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Commercial Radio Antennas - Please keep discussion related to professional, commercially used antennas and antenna systems for the two-way radio industry. Topics for the use of these antennas on amateur bands are accepted here.

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Old 11-25-2012, 2:05 PM
Join Date: Nov 2012
Posts: 14
Default Laird 1/4 wave on a Backrack

Good afternoon, I work as a mechanic for a relatively small fleet (25). I have been using the Laird 1/4 wave antenna with a spring on almost all of our equipment. I have to install a radio on a new F-250, and they do not want the antenna through the roof on this truck. It does have a standard Backrack, so I was thinking about mounting it there. I have never attempted this, so I was wondering if the performance would be acceptable from a Backrack mounted antenna (ground plane). I only know the basics about radios, so that's why I'm here. Thank you in advance. The radio going in is likely going to be a 40W CM300 or a PM400, on VHF around 151 Mhz
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Old 11-25-2012, 4:59 PM
Mtnrider's Avatar
Join Date: Oct 2004
Location: Greene County New Yawk
Posts: 775

I have mounted VHF 3db gain and low band antennas on "L" brackets 1/4 inch bolts with "L" on the inside of bracket on the bottom rail the one that mounts to the bed using a sealed/shielded mount (Tessco 436486) to prevent rust etc. And have had good luck. if it wasn't so dark now i would get a picture from my truck to show you. I have done this 15 times or more for people and haven't had any issues with grounding or swr's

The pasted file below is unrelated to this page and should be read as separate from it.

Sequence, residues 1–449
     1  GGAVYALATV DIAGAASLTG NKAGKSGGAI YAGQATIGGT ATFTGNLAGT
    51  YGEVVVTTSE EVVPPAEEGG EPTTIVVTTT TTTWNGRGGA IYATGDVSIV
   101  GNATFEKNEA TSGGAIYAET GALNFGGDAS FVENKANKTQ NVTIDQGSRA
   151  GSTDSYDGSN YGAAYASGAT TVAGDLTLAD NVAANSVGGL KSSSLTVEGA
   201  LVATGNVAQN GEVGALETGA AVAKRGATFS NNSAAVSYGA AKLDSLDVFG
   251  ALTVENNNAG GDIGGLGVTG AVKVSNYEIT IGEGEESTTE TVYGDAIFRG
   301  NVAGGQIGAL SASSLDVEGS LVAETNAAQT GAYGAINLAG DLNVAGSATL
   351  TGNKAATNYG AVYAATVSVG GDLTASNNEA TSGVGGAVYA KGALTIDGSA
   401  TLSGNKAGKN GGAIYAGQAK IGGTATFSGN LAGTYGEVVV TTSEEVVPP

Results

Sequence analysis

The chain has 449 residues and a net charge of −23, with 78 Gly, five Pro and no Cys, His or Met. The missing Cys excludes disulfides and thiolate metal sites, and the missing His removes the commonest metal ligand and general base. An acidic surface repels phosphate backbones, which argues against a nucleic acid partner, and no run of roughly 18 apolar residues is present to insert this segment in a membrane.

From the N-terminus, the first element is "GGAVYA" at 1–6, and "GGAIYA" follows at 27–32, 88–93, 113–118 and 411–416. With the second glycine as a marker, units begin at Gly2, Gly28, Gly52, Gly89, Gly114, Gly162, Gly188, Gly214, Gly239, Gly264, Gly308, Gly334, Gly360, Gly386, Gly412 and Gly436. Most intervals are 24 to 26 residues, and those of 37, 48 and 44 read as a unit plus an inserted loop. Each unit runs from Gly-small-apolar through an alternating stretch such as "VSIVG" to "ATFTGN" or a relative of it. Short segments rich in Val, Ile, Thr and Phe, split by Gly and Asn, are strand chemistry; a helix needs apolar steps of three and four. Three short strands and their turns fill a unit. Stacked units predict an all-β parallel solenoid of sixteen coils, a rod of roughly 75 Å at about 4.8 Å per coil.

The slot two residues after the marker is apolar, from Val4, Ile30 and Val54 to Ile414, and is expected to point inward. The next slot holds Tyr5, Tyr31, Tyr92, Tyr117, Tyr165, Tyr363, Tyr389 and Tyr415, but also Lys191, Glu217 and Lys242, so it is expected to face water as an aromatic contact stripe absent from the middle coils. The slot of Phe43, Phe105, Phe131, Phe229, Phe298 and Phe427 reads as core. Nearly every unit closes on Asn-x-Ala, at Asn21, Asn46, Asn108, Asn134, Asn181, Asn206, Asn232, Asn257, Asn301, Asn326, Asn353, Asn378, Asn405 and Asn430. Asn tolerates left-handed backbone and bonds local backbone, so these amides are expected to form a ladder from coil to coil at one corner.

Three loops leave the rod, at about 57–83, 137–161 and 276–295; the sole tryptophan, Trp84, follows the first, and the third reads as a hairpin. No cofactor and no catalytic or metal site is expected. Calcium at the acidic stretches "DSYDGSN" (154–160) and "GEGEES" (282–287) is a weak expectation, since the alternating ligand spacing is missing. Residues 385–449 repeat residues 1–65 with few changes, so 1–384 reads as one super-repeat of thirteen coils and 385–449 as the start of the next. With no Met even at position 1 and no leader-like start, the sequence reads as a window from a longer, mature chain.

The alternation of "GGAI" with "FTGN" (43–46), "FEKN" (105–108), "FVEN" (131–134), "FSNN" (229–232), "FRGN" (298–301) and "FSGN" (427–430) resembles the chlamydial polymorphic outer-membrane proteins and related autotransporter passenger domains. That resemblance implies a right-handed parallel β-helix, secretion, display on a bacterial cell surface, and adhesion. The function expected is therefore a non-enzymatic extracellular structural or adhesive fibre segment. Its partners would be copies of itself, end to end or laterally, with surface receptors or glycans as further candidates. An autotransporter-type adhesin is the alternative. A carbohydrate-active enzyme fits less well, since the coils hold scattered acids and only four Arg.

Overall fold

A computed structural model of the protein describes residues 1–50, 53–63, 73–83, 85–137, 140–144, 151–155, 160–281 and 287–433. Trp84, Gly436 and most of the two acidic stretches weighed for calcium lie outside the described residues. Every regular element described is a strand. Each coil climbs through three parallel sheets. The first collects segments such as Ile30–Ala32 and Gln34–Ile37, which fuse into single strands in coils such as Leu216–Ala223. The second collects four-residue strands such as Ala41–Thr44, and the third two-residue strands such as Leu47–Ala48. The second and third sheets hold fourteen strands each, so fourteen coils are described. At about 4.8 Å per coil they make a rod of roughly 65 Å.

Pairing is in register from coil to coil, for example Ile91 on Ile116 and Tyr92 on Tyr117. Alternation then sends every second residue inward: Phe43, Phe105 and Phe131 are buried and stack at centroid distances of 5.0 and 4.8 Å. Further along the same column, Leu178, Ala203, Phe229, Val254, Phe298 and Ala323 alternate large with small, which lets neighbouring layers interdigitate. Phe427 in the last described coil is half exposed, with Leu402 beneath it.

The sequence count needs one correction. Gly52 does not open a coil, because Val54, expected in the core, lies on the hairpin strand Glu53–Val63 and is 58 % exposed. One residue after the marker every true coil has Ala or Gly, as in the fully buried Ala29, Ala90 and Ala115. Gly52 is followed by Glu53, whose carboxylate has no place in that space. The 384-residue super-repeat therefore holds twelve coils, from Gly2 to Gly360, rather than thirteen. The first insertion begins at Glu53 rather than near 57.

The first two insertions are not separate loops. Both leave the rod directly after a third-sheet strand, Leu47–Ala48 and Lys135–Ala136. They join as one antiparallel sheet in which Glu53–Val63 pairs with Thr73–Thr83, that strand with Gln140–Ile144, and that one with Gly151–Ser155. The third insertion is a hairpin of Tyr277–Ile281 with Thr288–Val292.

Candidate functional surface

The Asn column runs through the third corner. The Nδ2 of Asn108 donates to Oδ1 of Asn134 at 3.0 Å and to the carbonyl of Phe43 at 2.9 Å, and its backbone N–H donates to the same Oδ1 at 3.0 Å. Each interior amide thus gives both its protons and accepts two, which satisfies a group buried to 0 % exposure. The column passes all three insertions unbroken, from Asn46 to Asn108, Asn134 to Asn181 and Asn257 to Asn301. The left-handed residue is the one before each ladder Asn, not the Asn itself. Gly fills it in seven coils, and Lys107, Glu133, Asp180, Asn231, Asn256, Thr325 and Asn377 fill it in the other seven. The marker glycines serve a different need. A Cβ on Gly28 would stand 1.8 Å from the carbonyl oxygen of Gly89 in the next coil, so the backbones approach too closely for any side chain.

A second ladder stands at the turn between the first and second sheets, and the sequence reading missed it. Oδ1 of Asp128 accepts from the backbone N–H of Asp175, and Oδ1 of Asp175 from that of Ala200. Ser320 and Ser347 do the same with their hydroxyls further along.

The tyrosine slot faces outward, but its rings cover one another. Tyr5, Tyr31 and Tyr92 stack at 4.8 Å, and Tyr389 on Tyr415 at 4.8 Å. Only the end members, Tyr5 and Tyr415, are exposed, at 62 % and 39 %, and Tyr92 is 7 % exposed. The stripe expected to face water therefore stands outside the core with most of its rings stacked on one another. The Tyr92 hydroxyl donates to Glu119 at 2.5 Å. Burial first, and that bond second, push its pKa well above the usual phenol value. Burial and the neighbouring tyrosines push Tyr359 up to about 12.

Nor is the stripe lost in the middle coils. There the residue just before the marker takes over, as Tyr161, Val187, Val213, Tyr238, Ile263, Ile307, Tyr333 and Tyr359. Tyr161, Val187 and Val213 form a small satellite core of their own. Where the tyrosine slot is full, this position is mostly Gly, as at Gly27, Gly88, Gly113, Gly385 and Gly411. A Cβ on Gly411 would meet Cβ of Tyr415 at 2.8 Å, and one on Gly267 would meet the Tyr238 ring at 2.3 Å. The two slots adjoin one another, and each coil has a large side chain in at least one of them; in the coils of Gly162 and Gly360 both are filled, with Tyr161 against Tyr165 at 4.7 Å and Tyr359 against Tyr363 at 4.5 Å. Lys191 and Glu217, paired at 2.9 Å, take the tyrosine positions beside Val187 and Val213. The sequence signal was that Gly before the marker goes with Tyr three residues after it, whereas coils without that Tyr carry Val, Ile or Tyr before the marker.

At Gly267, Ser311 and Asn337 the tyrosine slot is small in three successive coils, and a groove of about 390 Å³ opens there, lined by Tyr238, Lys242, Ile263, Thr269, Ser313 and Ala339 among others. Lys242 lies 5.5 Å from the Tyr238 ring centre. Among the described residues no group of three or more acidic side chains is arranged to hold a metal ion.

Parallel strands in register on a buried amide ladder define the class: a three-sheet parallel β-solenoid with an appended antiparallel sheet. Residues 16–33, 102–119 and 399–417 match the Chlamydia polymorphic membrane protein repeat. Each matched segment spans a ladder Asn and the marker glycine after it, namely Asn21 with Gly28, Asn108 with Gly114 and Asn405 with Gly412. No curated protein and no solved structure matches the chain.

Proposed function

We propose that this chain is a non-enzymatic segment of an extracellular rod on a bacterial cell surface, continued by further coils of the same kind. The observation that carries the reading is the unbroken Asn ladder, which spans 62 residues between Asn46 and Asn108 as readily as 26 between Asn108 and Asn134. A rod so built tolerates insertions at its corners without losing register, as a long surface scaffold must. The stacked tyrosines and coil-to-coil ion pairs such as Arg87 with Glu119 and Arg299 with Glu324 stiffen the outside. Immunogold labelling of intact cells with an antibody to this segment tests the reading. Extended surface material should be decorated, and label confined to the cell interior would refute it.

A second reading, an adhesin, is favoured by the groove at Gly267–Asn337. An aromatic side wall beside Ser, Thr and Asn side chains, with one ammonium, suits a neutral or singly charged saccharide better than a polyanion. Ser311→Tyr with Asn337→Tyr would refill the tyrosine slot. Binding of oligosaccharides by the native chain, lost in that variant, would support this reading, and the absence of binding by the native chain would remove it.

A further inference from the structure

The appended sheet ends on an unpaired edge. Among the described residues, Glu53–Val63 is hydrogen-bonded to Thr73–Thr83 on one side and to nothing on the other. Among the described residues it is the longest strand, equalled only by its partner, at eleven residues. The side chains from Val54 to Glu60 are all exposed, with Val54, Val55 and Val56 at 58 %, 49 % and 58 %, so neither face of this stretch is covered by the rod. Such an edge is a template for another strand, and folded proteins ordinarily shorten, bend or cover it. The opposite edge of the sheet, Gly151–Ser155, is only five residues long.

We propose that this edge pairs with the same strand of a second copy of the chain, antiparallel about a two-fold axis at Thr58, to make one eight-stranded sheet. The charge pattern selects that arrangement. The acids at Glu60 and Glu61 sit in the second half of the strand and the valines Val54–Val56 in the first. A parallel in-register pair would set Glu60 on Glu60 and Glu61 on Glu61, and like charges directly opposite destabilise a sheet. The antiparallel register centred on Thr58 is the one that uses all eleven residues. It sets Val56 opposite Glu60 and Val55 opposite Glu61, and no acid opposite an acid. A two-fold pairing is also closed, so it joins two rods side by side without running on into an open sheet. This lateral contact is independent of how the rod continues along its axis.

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Old 11-25-2012, 7:07 PM
mmckenna's Avatar
Join Date: Jul 2005
Location: WTVLCA01DS0
Posts: 8,638

I did this on a truck once, and it worked. It is not ideal, but it will work fine. BackRack makes brackets for their racks that have the necessary 3/4 inch hole for the NMO mounts. A 1/4 wave antenna would work fine, just make sure its at the top of the rack and in the clear. Anytime you get the antenna down below surrounding metal, performance is going to suffer. I'd suggest making sure the rack is well grounded to the sheet metal. Running a piece of braid from the rack to the sheet metal might help performance and make it easier to tune, might not, but it won't hurt.

Center of the truck roof is preferred, but I understand some don't want a hole punched in the roof of a brand new truck. Just make sure you add a disclaimer to it when you install the antenna. The owner/driver should not expect it to work as well as an antenna mounted on the truck roof. Range and performance may suffer a bit since the ground plane is not ideal at your frequency. Down near the bottom of the page. Likely you could fabricate this on your own easier/cheaper, but at least this gives you a good idea. One thing to consider is that since it's likely going to be out on the edge, you need to make the mount strong enough for getting hit by a branch, or someone using it as a tie down point.

Last edited by mmckenna; 11-25-2012 at 7:12 PM..
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